Although that percentage is slightly higher than in recent years, even supportive educators concede at least 10 percent of the non-English speaking students should move on to proficient levels each year. They say the system falters under a constant flow of new immigrants and a chronic shortage of native-language teachers.
“We constantly get at least as many new students as we redesignate,
so it almost looks as though we’re standing still when we’re not,”
said Lydia Stack, a coordinator for the San Francisco public school’s Language Academy.
Bilingual education programs exist nationwide, with particular concentrations of non-English-speaking children in Texas, New York, Florida and Illinois.
But California’s public schools account for more than half of the estimated 2.44 million non-fluent students nationwide. Those 1.4 million California students, fully one-quarter of the state’s public school enrollment, are predominantly Spanish-speaking.
Because of a shortage of teachers and textbooks, only about 30 percent of the children who need language help get core subjects — math, science and social studies — taught to them in their native languages. Mostly,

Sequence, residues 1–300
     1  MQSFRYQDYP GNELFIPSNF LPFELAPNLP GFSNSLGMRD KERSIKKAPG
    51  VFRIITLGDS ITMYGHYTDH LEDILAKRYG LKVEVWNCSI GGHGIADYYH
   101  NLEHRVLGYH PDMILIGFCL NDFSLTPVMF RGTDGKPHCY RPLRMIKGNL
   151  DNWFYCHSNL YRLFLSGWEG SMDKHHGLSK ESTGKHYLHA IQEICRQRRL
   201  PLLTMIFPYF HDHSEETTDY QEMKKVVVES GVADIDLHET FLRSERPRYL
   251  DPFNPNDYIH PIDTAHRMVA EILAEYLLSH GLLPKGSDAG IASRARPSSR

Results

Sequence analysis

that’s Spanish, although some youngsters get at least some lessons in such languages as Arabic, Russian, Chinese, Korean and Japanese.
Unz, who once challenged Gov. Pete Wilson for the Republican nomination,
has spent more than $300,000 of his own money on “English for the Children.”
For his trouble, he’s been called a political opportunist and even a racist.
Critics wonder why a single man with no children, a computer millionaire who lives in the rarified environs of Palo Alto, has such an interest in the education of immigrant children. He simply shrugs.
“I don’t see why it’s controversial to teach little children English,”
If the initiative is approved, Unz says his next stop will be Capitol Hill, where he may find support for national legislation from House Speaker Newt Gingrich. Earlier this month, Gingrich said immigrant children should have to learn English by fourth grade. “When we allow children to stay trapped in bilingual programs where they do not learn English, we are destroying their economic future,” Gingrich said.